Tuesday, May 26, 2009


Remembering on Memorial Day

Published in the Los Angeles Times. 25 May 2009

As recently as the late 1950s, in a small town on Long lsland near New York City, young people in school learned certain poems: Joyce Kilmer’s “Prayer of a Soldier in France,” Alan Seeger’s “ I Have a Rendezvous With Death” and John MacRae’s “In Flanders Field.” Does anyone still remember the fallen this way in classrooms?

This spring, “Dispatches” by Michael Herr appeared in the Everyman Series from Alfred A. Knopf, 40 years after the publication of Herr’s memorable article on Khe Sanh in Esquire (it is also one of the most memorable parts of “Dispatches”). How many literary books are there about the Vietnam War? Some would say Tim O’Brien’s “The Things They Carried” is at the top of that list, though for many people the experience of Vietnam probably derives mostly from movies, not books — “Apocalypse Now,” of course, or “Platoon,” or “Go Tell the Spartans.”

As the poems above may suggest, World War I seems to have left a deep impression, not to mention some powerful books about that conflict: “All Quiet on the Western Front” by Erich Maria Remarque (still read in many middle schools across the country) and, now and again, Ernst Junger’s “Storm of Steel” (now in a very good translation by Michael Hoffman). “Storm” is probably the single best book ever written about the actual experience of an individual soldier in modern combat.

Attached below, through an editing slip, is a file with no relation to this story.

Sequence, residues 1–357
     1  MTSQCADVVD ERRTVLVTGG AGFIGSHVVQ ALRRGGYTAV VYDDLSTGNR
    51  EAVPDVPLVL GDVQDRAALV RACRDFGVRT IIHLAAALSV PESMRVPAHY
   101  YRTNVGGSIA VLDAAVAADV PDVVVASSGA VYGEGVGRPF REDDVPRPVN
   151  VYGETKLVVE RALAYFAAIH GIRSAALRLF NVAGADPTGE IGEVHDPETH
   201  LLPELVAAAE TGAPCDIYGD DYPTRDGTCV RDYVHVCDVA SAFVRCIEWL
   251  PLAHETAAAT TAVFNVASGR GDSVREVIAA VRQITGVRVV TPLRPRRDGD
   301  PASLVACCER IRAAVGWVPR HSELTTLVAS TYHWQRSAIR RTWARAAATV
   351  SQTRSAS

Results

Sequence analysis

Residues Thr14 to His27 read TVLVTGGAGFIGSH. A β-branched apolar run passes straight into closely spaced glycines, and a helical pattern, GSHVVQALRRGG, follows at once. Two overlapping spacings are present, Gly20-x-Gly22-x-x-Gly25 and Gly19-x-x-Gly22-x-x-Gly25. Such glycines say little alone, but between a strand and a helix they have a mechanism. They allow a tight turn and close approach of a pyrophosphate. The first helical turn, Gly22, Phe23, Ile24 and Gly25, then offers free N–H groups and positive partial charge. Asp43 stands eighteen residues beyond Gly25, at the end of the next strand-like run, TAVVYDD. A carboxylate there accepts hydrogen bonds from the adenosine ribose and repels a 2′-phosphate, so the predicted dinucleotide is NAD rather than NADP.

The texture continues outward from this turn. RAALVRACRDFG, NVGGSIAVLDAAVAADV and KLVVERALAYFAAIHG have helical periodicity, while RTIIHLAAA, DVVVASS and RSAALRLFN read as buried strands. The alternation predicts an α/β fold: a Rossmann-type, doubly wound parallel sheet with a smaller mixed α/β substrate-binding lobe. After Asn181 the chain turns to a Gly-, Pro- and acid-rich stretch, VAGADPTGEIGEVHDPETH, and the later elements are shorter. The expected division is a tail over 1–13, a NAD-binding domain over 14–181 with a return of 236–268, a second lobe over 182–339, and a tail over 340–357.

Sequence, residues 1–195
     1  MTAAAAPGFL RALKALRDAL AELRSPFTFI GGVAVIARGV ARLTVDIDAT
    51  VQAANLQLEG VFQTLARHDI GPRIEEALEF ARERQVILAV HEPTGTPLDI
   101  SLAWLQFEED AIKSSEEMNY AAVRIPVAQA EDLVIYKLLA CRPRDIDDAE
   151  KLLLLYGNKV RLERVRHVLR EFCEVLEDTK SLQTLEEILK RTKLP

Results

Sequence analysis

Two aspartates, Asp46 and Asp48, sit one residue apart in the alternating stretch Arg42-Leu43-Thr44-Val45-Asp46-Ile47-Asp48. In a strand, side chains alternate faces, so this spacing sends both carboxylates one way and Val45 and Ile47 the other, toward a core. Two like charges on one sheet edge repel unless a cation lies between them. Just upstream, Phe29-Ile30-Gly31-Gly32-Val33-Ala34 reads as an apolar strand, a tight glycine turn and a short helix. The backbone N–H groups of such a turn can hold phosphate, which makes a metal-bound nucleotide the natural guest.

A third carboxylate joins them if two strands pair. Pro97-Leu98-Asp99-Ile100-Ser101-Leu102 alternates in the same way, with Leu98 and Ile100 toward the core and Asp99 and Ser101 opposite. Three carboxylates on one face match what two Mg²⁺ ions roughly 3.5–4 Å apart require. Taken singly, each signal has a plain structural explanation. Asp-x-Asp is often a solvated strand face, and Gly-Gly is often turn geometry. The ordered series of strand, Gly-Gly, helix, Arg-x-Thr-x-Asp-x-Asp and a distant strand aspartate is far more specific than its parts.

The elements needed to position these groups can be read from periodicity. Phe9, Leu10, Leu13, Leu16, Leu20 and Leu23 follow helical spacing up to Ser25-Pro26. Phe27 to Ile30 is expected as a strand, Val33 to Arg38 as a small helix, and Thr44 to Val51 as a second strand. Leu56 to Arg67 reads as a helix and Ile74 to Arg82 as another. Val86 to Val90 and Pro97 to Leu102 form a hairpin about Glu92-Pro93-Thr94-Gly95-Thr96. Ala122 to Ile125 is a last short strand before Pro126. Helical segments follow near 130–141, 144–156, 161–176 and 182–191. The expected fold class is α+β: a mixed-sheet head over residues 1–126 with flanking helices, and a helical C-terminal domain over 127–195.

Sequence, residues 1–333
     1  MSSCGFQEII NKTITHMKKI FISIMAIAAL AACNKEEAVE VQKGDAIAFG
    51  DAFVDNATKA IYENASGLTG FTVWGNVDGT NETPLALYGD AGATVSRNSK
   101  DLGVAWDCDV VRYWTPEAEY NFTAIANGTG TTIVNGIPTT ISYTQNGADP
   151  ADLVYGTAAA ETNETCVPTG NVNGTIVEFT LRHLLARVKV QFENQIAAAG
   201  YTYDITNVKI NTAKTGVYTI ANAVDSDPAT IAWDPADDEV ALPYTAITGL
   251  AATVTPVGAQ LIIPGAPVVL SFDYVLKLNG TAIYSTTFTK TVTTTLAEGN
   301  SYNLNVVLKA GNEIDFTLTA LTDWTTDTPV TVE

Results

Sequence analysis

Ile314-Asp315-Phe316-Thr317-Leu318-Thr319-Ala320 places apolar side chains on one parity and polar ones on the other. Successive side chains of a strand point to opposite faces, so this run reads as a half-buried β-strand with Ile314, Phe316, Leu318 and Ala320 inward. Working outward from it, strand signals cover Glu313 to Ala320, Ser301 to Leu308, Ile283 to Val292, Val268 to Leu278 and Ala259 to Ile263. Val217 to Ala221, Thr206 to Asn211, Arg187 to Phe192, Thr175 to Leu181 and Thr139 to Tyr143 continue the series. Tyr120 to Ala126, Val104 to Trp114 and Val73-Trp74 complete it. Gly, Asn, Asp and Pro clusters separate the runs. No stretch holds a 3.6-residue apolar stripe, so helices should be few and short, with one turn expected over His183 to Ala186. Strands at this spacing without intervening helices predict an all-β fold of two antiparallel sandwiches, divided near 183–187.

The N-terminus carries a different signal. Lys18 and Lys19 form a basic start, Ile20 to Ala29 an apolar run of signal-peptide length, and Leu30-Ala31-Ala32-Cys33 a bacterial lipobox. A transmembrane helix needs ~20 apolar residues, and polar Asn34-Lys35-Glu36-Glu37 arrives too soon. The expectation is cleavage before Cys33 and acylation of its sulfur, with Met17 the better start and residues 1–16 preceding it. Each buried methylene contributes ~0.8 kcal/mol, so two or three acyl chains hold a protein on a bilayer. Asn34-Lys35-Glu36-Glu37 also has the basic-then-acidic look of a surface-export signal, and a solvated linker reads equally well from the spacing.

But for many around the world, is it Ernest Hemingway’s “A Farewell to Arms” — with its description of a young man’s experiences of combat on the Italian front in World War I — that has had the most lasting literary impact?

One can’t help but think so, especially in light of Mark Thompson’s new book, "The White War: Life and Death on the Italian Front 1915-1919" (Basic Books), which throws light on the true horror and sheer futility of that arena of the war. Thompson also points out that two other major world writers, besides Hemingway, were on that front: Robert Musil (“The Man Without Qualities”) in the Austrian army and, in the Italian army, Carlo Emilio Gadda, whose “That Awful Mess on the Via Merulana” is the only Italian novel of the 20th century that is reasonably compared in power and scope to James Joyce’s “Ulysses.”

But it seems that “A Farewell to Arms” is the book that has given shape and spirit to the way we think about war, how we read Herr’s book and, maybe, even how our view of 19 year so far involvemen or warin Iraq and it will be reflected in books to come. As Hemingway wrote:

I was always embarrassed by the words sacred, glorious, and sacrifice and the expression in vain. ... I had seen nothing sacred, and the things that were glorious had no glory... . There were many words that you could not stand to hear and finally only the names of places had dignity. ... Abstract words such as glory, honor, courage or hallow were obscene beside the concrete names of villages, the numbers of roads, the names of rivers, the numbers of regiments and the dates.

The quotation from Hemingway of course is finally echoed in the realty of the Vietnam War monument in Washington.

Monday, May 25, 2009


In the 15 years of its existence THE LITTLE REVIEW edited by Margaret Anderson and Jean Heap with the help of Ezra Pound published among many others: James Joyce, T.S. Eliot, William Carlos Williams, Ezra Pound, Gertrude Stein, Sherwood Anderson, Ernest Hemingway, Hart Crane, Wallace Stevens, Djuna Barnes, Evelyn Scott...